La ciudad no es para mí [The City Isn’t for Me] (Spain 1965; dir. Pedro Lazaga)

Directed by Pedro Lazaga and released in 1965, La ciudad no es para mí is a light-hearted melodrama that, not unlike other films of the mid-dictatorship, continues an existing cinematic tradition of using ‘the generic confines of a popular comedy’ to explore more serious aspects of urban life in the Spanish capital (Larson 2012: 123). Heralded as the ‘most commercially successful Spanish film of the 1960s’ (Richardson 2002: 72), it features noted actor Paco Martínez Soria in the role of a rural-dwelling Spaniard who, unannounced, comes to live with his successful and modern son and the latter’s family in Madrid. The first five minutes of the black-and-white film – while they do not even introduce the central paleto character – thrust the spectator into quite a dynamic representation of the nature of urban life (see also Richardson 2002: 76-77). The two buildings clustered around Madrid’s Plaza de España that can be seen in the clip are the Torre de Madrid (when it was built the highest building in Europe?) and Edificio España.

The script reads [I just taught this clip in an undergraduate class, and its staccato, machine-gun fire styled narration was met with quite a few expressions of disbelief]:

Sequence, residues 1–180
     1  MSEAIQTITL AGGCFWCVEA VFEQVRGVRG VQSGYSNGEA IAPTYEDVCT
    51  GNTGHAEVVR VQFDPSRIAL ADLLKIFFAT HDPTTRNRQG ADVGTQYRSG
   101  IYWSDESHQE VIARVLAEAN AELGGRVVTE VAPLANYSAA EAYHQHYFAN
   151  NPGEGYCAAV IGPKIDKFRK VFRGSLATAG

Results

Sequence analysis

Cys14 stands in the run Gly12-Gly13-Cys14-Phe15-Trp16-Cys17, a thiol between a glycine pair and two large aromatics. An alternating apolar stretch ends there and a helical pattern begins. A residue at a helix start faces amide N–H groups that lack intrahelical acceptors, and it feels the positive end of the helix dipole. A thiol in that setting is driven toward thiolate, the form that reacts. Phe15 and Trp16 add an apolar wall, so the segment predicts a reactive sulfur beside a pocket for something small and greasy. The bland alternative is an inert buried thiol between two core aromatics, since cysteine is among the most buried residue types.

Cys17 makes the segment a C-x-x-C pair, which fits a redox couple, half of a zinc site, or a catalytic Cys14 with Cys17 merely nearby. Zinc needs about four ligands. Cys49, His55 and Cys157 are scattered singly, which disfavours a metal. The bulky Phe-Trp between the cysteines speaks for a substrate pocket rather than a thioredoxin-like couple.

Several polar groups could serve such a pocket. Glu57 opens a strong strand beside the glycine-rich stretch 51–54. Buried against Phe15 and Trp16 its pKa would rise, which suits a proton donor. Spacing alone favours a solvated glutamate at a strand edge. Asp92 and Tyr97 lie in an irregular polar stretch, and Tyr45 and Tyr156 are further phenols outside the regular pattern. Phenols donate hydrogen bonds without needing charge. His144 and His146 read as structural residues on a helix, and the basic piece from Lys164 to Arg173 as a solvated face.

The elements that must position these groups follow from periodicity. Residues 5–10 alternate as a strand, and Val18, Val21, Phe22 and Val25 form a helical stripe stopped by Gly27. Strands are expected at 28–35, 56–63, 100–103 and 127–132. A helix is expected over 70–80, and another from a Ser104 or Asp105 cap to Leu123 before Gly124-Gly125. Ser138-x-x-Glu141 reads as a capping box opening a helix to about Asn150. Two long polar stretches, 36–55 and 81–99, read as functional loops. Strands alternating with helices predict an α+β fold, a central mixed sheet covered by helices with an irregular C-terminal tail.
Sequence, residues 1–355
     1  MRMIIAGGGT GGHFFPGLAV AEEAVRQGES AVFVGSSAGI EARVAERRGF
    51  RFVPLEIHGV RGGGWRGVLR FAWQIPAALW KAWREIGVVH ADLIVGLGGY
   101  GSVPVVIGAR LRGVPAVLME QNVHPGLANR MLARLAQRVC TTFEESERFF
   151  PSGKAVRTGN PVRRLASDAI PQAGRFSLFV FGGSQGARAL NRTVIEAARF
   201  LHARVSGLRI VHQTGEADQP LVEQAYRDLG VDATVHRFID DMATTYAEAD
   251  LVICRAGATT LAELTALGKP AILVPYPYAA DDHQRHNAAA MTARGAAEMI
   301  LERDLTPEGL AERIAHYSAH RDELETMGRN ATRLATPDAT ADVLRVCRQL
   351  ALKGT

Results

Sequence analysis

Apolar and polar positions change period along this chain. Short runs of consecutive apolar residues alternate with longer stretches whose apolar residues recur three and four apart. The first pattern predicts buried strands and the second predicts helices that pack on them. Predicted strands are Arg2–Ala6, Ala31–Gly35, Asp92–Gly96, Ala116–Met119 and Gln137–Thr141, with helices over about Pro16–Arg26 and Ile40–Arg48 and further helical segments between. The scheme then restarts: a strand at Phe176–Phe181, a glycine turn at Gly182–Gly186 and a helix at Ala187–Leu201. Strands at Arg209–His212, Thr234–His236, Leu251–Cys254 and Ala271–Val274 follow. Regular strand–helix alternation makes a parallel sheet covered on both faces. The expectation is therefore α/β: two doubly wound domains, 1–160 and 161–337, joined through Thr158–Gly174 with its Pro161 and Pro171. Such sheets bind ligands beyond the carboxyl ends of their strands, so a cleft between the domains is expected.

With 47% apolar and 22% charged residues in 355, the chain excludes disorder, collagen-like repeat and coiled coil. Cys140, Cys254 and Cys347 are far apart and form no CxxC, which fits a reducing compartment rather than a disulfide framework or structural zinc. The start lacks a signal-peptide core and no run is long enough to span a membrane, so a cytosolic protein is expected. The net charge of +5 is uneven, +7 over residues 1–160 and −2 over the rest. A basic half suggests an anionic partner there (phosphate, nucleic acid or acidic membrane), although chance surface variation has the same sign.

Madrid, capital de España: dos millones seiscientos cuarenta y siete mil doscientos cincuenta y tres habitantes. Crecimiento vegetativo: ciento veintinueve personas cada día. Población flotante: trescientas sesenta mil quinientas ochenta personas. Cuatrocientos setenta y dos mil quinientos veintisiete vehículos. Ciento diez mil ochocientos cincuenta y tres baches y socavones. Un nacimiento cada cuarenta y cinco segundos. Dos bodas y media por hora. Y una defunción cada minuto y medio. Y bancos, muchos bancos – bueno de estos no, de estos ya no quedan. Y supermercados, muchísimos supermercados. Y casas, casas en construcción, montañas de casas en construcción. Y farmacias, toneladas de farmacias. Y zona azul, kilómetros de zona azul. Y multas, demasiadas multas. Esta es una ciudad donde todo hay que hacerlo muy de prisa.

[Madrid, the Spanish capital: two million, six hundred forty-seven thousand, two hundred and fifty-three inhabitants. Natural [population] increase: one hundred twenty-nine people per day. Floating population: three hundred and sixty thousand, five hundred and eighty people. Four hundred seventy-two thousand, five hundred twenty-seven vehicles. One hundred ten thousand, eight hundred fifty-three bad spots and potholes. One birth every forty-five seconds. Two and a half weddings per hour. And a death every minute and a half. And banks, lots of banks – well not these, there are no more of these left [pun on banco=bank and banco=bench–the city is so active there’s no time for people to sit down…]. And supermarkets, plenty of supermarkets. And housing, housing under construction, mountains of housing under construction. And pharmacies, tons of pharmacies. And restricted parking zones, kilometers of restricted parking zones. And parking tickets, far too many parking tickets. This is a city where one must accomplish everything very quickly]. (Lazaga 1965: 2’18”-3’53”)

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